closeup of alligator | Robin Sgambati Photography

One thing about kids is that they aren’t afraid to experiment and do different things. This alligator (crocodile?) was lounging right up against the glass at the aquarium, so my son got a great closeup of him. I think this is so much more interesting than a full length shot would have been.

4. They get to photograph what’s important to them

kids invested in vacation photos | Robin Sgambati Photography

When we passed by this ginormous bookstore in Gangnam (ha ha, now you’ve got that song in your head), my husband and I were on a mission to find a specific office to get some specific tickets. We said wow and went on our way, while my book-loving daughter thankfully took lots of photos of it. For the fish photo, I think I took this one of my son with Dr. Fish, fish that eat your dead skin and exfoliate you…naturally! I squealed and didn’t like the feeling but he stuck it out for the photos.

flora in korea | Robin Sgambati Photography

One thing we did that I wouldn’t do again, at least on a vacation to the other side of the world, is visit waterfalls. If you lived somewhere that didn’t have waterfalls, it would be worth it. But it was kinds of anticlimactic for us, yet required a lot of walking. And while I appreciate lacecap hydrangeas and beautiful leaves, these are also things native to Virginia. But my children’s attention was captivated by these, so the walking and tiredness were alleviated. My older daughter photographed the hydrangea, and my younger daughter gathered the leaves. These are special vacation memories for them too.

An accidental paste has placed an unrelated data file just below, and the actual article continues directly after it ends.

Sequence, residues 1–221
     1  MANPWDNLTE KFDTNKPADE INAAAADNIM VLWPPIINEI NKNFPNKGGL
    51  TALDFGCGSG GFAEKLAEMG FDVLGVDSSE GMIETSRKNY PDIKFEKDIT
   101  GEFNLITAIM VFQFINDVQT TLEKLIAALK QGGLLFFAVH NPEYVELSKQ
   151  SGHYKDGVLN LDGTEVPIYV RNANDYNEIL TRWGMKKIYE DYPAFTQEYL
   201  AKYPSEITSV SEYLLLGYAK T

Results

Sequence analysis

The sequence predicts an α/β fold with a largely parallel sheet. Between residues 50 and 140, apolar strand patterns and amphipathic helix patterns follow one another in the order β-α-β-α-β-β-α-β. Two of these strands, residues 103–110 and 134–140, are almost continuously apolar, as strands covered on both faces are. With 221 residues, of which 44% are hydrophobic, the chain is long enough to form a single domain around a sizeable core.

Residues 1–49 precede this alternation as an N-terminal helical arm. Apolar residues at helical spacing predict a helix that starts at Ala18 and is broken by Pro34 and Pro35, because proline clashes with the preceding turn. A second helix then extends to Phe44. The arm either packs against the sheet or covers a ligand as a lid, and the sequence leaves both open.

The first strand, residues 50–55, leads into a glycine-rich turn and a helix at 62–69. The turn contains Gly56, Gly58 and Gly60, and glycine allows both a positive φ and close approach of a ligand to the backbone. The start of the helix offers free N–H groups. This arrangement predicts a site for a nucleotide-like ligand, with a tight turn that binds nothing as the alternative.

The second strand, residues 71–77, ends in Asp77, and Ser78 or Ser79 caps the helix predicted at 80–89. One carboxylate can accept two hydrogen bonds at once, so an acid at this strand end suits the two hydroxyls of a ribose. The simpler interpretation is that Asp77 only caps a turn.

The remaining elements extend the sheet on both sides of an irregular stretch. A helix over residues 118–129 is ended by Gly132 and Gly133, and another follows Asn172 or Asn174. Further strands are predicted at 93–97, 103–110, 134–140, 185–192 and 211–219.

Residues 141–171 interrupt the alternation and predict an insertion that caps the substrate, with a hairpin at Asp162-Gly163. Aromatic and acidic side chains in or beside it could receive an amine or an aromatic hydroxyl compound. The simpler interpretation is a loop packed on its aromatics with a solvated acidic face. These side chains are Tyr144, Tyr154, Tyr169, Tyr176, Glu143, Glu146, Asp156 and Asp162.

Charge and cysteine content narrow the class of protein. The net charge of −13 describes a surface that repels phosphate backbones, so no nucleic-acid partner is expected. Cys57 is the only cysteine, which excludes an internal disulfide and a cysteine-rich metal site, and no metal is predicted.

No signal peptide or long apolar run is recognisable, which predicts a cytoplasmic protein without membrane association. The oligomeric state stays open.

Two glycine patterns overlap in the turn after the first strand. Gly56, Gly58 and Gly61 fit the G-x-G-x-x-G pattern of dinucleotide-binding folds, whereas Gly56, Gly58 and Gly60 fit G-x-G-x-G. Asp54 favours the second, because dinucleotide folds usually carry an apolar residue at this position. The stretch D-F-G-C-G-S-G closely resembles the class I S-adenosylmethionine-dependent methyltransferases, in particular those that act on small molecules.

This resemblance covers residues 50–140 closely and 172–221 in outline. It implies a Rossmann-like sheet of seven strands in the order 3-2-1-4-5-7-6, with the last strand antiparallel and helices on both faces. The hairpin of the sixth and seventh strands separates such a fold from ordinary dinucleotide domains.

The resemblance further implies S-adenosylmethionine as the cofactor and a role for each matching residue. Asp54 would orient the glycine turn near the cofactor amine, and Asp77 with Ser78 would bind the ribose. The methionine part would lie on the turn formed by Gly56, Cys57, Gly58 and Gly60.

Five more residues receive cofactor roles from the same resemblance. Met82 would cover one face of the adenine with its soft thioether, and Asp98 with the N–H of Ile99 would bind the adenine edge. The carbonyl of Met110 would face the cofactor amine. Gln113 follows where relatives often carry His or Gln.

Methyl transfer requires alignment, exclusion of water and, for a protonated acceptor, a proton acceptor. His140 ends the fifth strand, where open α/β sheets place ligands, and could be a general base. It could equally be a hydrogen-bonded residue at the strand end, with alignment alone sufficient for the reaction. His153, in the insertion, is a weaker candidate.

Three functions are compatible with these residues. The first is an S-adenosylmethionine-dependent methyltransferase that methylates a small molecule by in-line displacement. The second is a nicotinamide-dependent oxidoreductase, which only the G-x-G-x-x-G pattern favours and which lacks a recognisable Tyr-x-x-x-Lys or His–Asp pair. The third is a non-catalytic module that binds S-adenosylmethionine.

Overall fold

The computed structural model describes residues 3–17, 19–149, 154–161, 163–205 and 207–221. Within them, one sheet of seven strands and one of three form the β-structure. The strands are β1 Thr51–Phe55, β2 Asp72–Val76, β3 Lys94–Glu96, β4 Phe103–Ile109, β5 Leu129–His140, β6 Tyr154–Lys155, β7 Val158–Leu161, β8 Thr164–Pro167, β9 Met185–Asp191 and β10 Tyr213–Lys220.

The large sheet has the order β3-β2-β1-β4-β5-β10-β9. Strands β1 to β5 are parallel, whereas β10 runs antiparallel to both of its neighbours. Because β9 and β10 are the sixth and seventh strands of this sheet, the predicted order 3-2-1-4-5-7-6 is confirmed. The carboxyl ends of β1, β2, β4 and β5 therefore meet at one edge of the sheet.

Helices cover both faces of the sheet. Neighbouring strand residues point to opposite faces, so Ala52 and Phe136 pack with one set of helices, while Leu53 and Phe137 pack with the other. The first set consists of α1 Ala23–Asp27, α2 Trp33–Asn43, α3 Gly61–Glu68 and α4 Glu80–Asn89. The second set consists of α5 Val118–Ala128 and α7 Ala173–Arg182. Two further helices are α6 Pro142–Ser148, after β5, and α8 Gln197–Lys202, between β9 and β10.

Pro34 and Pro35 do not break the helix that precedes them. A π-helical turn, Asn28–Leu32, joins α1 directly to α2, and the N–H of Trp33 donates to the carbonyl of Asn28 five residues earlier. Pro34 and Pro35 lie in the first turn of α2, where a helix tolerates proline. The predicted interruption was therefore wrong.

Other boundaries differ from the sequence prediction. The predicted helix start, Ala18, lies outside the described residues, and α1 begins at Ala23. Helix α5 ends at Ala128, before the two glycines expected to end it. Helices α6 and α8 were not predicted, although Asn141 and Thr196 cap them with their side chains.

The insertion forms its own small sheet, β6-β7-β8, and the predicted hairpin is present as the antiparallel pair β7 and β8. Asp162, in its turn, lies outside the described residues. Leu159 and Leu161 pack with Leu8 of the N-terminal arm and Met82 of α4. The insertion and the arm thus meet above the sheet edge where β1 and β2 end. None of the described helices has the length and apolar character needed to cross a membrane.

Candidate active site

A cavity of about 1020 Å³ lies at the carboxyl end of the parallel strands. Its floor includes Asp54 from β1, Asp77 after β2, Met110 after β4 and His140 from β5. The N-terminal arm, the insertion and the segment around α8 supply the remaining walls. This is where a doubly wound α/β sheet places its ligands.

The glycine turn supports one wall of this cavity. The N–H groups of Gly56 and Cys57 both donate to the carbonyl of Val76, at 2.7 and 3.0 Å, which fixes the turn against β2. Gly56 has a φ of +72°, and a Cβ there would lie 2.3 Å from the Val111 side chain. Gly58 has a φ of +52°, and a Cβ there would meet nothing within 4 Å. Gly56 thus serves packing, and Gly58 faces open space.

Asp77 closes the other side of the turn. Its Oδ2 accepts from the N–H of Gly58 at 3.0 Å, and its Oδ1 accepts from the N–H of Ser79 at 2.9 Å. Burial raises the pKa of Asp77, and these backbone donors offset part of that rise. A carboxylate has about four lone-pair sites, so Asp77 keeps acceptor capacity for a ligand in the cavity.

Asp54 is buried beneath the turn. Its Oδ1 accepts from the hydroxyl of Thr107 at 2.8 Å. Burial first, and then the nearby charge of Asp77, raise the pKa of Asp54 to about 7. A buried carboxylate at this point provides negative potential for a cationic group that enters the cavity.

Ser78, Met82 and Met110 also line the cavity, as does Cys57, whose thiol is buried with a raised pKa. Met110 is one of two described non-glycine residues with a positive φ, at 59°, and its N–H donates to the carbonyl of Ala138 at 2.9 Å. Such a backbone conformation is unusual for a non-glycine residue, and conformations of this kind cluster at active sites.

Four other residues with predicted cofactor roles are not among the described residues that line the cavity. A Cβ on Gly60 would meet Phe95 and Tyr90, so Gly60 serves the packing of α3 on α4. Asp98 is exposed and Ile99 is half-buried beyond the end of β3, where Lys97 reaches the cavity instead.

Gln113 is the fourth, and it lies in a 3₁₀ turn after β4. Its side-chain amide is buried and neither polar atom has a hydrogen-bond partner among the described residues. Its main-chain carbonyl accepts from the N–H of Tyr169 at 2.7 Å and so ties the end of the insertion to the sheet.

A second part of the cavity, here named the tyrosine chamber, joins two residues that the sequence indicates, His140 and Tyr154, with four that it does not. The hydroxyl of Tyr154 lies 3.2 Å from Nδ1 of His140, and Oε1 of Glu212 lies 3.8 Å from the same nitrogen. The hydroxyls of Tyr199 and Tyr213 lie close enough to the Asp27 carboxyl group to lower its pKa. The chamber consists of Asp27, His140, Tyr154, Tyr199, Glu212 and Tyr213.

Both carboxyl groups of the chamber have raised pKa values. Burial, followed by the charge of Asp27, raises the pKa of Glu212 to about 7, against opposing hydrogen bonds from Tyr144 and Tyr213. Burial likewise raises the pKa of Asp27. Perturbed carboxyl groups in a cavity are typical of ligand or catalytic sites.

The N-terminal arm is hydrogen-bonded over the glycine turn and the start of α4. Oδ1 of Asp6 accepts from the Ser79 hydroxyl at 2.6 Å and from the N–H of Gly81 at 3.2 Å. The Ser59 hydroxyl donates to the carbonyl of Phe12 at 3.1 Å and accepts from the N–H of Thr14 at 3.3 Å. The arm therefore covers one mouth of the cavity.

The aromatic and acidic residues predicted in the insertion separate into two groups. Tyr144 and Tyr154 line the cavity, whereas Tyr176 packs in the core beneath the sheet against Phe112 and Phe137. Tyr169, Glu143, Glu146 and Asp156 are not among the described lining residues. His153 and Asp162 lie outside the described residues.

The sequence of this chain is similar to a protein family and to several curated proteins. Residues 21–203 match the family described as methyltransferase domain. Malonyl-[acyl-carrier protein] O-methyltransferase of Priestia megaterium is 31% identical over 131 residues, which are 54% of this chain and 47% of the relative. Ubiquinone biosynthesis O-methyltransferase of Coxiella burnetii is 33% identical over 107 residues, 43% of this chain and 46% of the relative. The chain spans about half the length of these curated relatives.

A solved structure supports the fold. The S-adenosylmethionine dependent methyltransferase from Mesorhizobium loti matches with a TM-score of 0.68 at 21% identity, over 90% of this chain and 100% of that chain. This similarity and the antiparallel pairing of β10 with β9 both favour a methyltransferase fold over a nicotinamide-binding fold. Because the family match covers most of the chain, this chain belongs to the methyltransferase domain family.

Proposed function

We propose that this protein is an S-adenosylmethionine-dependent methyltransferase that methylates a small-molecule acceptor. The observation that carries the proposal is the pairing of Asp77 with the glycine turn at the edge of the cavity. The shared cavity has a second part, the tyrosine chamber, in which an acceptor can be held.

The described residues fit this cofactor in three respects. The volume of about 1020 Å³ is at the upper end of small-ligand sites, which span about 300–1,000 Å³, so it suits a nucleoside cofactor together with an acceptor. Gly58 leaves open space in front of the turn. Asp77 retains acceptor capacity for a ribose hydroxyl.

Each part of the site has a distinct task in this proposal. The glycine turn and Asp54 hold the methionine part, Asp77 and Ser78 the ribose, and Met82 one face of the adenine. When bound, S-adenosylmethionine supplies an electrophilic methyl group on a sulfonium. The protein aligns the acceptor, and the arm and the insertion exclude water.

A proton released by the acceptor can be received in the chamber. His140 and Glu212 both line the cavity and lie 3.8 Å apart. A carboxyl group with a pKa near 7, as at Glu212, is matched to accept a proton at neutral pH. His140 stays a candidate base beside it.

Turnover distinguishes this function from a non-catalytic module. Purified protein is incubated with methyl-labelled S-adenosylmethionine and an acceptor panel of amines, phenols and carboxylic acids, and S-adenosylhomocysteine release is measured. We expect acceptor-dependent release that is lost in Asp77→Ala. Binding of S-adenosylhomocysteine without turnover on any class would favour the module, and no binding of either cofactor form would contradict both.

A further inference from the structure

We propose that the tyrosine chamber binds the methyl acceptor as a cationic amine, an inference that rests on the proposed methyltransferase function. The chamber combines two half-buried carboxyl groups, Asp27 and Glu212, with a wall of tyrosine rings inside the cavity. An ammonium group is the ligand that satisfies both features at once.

5. It’s a great opportunity to impart small photo lessons

kids invested in vacation photos | Robin Sgambati Photography

While they are taking photos, I can give them tips on perspective and things to consider with the background. They see right away what I’m talking about. What better way to share a love of photography? Yes, one of those snails ended up smashed, de-shelled, and cut up right before our eyes on those rocks there by two old ladies adept with a hammer and knife.

Jeju and abalone | Robin Sgambati Photography

Leading lines, golden hour lighting, perspective, horizons, they can experiment with them all. On vacation, you’re typically seeing new things and places, so it’s a fun and interesting way to try new things.

kids invested in vacation photos | Robin Sgambati Photography
Seoul life | Robin Sgambati Photography
kids invested in vacation photos | Robin Sgambati Photography

This was my first family vacation where I wasn’t the most prominent photographer…and I loved it! We have plenty of typical family vacation photos and selfies in our amalgamation of photos from multiple devices. However, these are some that stand out for being special because our children took photos I probably wouldn’t have gotten. I hope you’ll try it out too and let me know how it goes.